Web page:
Hazeur and Kiefer lead in campaign spending for Orleans Parish bench
Orleans Parish Civil District Court nominees Ellen Hazeur and Kris Kiefer are leading other candidates in campaign spending, according to campaign finance reports.
Kiefer, the son of former Louisiana State Senator Nat Kiefer, has loaned his campaign $285,000 in his bid to replace Judge Madeleine Landrieu.
Ellen Hazeur, the First City Court Clerk seeking to fill Judge Rosemary Ledet's bench, has spent more than $400,000 on her campaign.
Kiefer is a plaintiff attorney and graduate of the Southern University Law Center. His father was known for his outspoken nature and ties with former Louisiana Governer Edwin Edwards.
Hazeur served two terms as a New Orleans City Councilwoman and has served as the First City Court Clerk since 2001. Hazeur also serves on the Orleans Levee District Board of Levee Commissioners.
Hazeur trailed opponent Regina Bartholomew in a head-to-head poll of likely voters conducted last week by Metairie-based Multi Quest International.
The poll indicated that Bartholomew leads Hazeur 35% to 25% among voters polled. Bartholomew also has 61% name recognition compared to 51% for Hazeur, the poll indicated.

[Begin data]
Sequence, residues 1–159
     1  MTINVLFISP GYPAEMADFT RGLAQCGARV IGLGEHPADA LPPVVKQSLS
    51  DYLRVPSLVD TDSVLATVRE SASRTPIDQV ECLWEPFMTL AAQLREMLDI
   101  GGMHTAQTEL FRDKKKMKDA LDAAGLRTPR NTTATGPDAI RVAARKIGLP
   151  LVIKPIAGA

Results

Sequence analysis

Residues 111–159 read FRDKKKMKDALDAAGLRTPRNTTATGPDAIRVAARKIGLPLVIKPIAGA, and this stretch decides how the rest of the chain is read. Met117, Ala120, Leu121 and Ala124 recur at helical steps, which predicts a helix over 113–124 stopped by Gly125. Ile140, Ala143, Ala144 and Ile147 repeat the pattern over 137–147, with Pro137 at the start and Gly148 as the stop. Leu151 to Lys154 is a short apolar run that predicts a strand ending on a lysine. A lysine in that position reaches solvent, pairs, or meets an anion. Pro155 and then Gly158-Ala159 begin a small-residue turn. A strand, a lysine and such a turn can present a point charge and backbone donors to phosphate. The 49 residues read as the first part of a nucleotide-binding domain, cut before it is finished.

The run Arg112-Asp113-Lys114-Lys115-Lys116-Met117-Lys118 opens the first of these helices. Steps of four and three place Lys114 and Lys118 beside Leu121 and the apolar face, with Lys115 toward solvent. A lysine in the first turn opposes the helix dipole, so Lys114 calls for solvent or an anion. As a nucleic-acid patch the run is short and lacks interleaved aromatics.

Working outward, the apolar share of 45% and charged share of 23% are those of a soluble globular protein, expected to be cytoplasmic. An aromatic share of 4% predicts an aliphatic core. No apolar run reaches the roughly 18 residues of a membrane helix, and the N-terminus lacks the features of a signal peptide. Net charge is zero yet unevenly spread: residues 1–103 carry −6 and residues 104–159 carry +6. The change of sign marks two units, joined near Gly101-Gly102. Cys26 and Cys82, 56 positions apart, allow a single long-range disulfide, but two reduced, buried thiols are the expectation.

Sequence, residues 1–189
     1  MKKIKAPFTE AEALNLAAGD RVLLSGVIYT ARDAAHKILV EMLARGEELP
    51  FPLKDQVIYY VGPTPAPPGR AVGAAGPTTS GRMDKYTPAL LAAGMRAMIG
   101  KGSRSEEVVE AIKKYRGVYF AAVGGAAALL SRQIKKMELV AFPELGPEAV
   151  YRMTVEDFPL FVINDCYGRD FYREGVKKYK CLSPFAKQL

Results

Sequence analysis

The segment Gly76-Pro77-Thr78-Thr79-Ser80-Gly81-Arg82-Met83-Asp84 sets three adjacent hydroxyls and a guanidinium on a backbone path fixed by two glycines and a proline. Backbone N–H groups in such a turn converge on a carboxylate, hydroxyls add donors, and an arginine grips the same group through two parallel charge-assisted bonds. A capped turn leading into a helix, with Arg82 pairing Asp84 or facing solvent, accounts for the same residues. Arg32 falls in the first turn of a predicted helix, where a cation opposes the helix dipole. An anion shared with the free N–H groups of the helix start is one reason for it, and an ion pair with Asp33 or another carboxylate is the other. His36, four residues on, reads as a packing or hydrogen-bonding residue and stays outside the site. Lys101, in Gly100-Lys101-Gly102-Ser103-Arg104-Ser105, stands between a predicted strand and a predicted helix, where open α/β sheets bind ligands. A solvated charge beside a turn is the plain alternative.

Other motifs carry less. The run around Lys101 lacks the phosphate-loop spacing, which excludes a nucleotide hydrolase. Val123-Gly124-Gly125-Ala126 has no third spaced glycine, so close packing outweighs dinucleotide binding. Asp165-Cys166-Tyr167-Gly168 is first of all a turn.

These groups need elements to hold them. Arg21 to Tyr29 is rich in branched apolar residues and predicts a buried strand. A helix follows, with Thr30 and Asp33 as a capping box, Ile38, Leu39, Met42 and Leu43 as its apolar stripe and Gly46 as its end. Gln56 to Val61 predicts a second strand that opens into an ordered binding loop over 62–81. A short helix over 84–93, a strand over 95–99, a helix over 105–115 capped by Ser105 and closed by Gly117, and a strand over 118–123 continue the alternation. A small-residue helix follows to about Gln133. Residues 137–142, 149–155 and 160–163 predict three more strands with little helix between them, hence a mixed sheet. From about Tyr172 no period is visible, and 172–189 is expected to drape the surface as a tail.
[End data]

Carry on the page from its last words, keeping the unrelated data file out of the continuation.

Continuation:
Bartholomew also leads Hazeur among notable endorsements, picking up bipartisan support from the AFL-CIO, the Greater New Orleans Republicans, the Regular Democratic Organization and various state and federal officials.
Bartholomew and Hazeur are seeking the seat vacated by Judge Rosemary Ledet who was recently elected to the 4th Circuit Court of Appeals. The election takes place Oct. 22.
Kiefer is facing up against Makisha Ervin-Knott and Clare Jupiter.
Both Kiefer and Ervin-Knott have raised over $100,000 in campaign contributions.
Jupiter has spent just $500 on her campaign.
Jupiter is a partner at Bryan & Jupiter APLC and has specialized in education and tort defense law for 30 years. She formerly served as general counsel for the OPSB and currently serves on the Louisiana State Bar Association Committee on the Rules of Professional Conduct.
The two vacancies in Orleans Parish come as a result of Landrieu and Ledet earning benches in the Fourth Circuit Court of Appeals.